We’re now recruiting for a research associate and two fully funded PhD studentships for a new AHRC funded project ‘Design, material culture and popular creativity in suburban faith communities’, led by Dr Claire Dwyer (UCL Geography) and Professor David Gilbert (RHUL Geography). This project explores the aesthetics of faith in suburbia and the material cultures and practices of diverse suburban faith communities focused on eight communities located in West London. The project team will include a post-doctoral research associate and two PhD students, one based at UCL and one based at RHUL. The project also involves artistic and practice-based collaboration involving architect Ali Mangera; photographer Liz Hingley and artist Katie Beinart.
The Research Associate position is for 24 months from 1st January 2015 (or soon thereafter). Based in UCL the postholder will undertake documentary and qualitative interview research members of faith communities developing two strands. First an extensive survey combining archival research and interviews to explore the architectural and design histories of the selected case studies; second, in-depth ethnographic work focusing on the creative adaptation of the congregational spaces by the faith communities and the material cultures and practices of these communities both in these spaces and beyond. They will also collaborate with the artistic projects where appropriate. Applicants should have a PhD in a relevant discipline and expertise in documentary and qualitative research. For further details see: http://www.jobs.ac.uk/job/AJT468/research-associate/
One fully funded PhD student, starting in January 2015 at UCL Geography will explore the domestic material cultures of suburban faith.
One fully funded PhD student, starting in January 2015 at RHUL Geography will addresses the wider research aims of the project concerning creativity and innovation through an investigation of the relationships between music, sound, silence and spirituality in suburban faith spaces.
Talked about St Thomas’ Church and the Salaam Centre, Harrow at the Imaging the Suburbs Conference in Exeter last week. My paper argues that both are examples of suburban modernity.
The video of the lunch hour lecture which I gave at UCL on 27th March ‘Buddhas of Suburbia: faith, migration and geographies of suburban change in London’ can be uploaded here
Today I took the Faith in Suburbia Exhibition to Ealing Gurdwara. These are some of the photos of people viewing the exhibition, and these are some of the things which people said about the exhibition:
“It’s a great idea and good in terms of knowing about other religions in our community..It’s really creative and I look forward to more photos presented in a creative way to educate children and adults about different religions”;
“It is good to see how the group of individuals from different faiths take time in seeing the similarities and appreciation of others work of art in their places of worship”;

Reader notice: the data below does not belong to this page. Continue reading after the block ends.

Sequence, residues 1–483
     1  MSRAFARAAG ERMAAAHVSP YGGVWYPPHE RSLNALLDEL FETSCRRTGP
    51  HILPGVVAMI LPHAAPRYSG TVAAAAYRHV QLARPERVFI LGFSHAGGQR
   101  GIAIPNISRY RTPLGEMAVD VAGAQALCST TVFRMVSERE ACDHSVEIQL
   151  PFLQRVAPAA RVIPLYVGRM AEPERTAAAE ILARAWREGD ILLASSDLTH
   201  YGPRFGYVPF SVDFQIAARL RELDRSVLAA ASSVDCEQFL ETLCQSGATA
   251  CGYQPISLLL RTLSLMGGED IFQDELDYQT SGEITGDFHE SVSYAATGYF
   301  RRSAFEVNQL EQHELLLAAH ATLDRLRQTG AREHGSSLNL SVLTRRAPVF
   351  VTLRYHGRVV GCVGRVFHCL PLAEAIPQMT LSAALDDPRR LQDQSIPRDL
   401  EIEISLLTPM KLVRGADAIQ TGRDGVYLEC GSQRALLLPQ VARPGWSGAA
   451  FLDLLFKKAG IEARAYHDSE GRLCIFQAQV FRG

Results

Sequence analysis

“I think it is really good for people to find out about other communities”
Great to have the exhibition up at the Year of Faith Celebration Evening at Our Lady and St Joseph’s on Friday 23rd November. A truly multicultural evening featuring entertainment from dancers from Dominica and children performing Polish dances not to mention gastronomy from round the globe!
This week Faith in Suburbia opens in a second local church in Hanwell, at the parish centre of the Catholic Church of Our Lady and St Joseph. http://www.rcdow.org.uk/hanwell/
The exhibition, newly installed today, is timed to coincide with a special celebration on Friday 22nd November to mark the end of the Year of Faith. After a celebratory mass at 7pm in the church there will be a multicultural parish celebration in the Parish Centre featuring food from the many different home nations of the parishioners.
The exhibition is also open after masses on Sunday at 10.00am and 12.00am. I’m looking forward to hearing what the congregation thinks about the project and the pictures.
The third version of the Faith in Suburbia Exhibition opens today in St Thomas the Apostle Church in Hanwell, W7. Great to have the exhibition open at one of the participating places of worship. It looks great with the banners hung on the elegant columns in the nave of the church.
The church is open daily from 8-5pm. It is also open this weekend as part of London Ride and Stride http://www.rideandstrideuk.org/
And on the weekend of 21st-22nd September the church is open as part of London’s Open House weekend http://www.londonopenhouse.org/
Designed by architect Edward Maufe in 1993 this is a wonderful hidden gem of a suburban church – well worth a visit! http://www.thomashanwell.org.uk/
It is time to write about the second case study for the Faith in Suburbia Project, which is a site in the suburb of Richmond, Vancouver known colloquially as ‘Highway to Heaven’ because of its cluster of religious buildings along a short stretch of the Number 5 Road on the edge of the city. Our research has explored the geographies of ‘Highway to Heaven’ via interviews with all of the faith communities located there.
A paper about this collaborative research project undertaken with UBC colleagues David Ley and Justin Tse has just been published on the website of Metropolis Canada.
Access a copy of the paper here http://mbc.metropolis.net/assets/uploads/files/wp/2013/WP13-06.pdf